And, in many respects, the difficulties associated with constructing intricate ‘histories of the present’ have led to a tendency to short-circuit the genealogical process (and other poststructuralist methods) under the name of ‘social constructivism’. It is a shorthand, however, that has generated new entanglements, new knots, that have come to define what those of us with a long enough memory can only regret are now frequently labelled the culture wars. On one side, there are the alleged heirs of the posties, awake to the constructed nature of everything and the subtleties of all forms of oppression. On the other side, there are the new defenders of Enlightenment maturity striving to protect science from constructivism and to guard free-speech from the ‘cultural Marxists’.
This epithet, of course, is the surest sign that we are in a phoney war—albeit one with real casualties—as it mimics the trawling habits of previous critics but industrialises them on a massive scale. Claims about the deleterious effects of ‘cultural Marxists’ and their social constructivist premisses simply scrape the seabed and leave it barren. But much like the debate twenty years ago, those seeking to defend ‘social constructivism’ cannot swim out of the way unless they specify that this, and other phrases like it, should never be used to end an argument. There is no use in proclaiming a social constructivism if, after all, the social itself is constructed. Shorthand is always helpful but only if we know that it is exactly that and that it will always need careful exposition and explication when critics raise the call.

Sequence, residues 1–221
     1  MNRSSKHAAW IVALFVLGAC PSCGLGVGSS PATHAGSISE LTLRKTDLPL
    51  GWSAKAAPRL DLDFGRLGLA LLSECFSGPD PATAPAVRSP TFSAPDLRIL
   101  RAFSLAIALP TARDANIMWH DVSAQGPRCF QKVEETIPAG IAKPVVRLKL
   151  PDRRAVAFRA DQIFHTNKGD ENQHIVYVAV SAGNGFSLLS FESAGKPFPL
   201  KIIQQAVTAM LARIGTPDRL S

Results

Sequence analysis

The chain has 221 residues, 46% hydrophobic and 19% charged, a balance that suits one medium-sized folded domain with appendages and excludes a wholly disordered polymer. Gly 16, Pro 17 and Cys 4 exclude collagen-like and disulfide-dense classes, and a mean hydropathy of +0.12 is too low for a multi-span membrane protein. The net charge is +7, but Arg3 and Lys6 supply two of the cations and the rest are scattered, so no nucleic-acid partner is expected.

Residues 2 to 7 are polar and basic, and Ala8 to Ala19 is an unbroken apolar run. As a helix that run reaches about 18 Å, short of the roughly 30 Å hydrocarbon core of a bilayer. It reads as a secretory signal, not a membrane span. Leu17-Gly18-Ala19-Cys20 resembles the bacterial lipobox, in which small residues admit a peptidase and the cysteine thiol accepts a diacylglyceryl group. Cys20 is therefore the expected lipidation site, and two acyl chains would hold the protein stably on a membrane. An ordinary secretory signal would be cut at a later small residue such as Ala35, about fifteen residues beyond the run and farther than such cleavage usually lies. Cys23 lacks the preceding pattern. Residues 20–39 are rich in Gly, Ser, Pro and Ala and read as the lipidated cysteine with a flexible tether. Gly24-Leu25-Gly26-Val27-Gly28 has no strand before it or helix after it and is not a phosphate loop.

Moreover, what is often forgotten, in the heat of battle, is that the task is not simply to clarify one’s own claims in response to critics but to reflect upon the nature of critical exchange itself. One side of the culture wars take lively spirited debate as the signal of a flourishing marketplace of ideas. Those on the side of social construction appear to agree, simply wanting it to be a regulated marketplace of ideas. What poststructuralism brings to market is succour for neither side. Forms of critical engagement bereft of analyses of the current structures of socially mediated critical practice will always fall short of the poststructuralist project and typically dissolve into the impoverished forms of communicative exchange that never rise above the to-and-fro of opinion. It is incumbent, therefore, on poststructuralists to have a view on the nature of public interaction through social media and how these interlock with different forms of algorithmic governmentality. In this way, the social constructivist shorthand can be given real critical purchase by delving deeply into the nature of public discourse and the technological forms that sustain it, particularly because these make state intervention in the name of ‘the public’ increasingly difficult (even though they can also be used, to a certain extent, for statist purposes).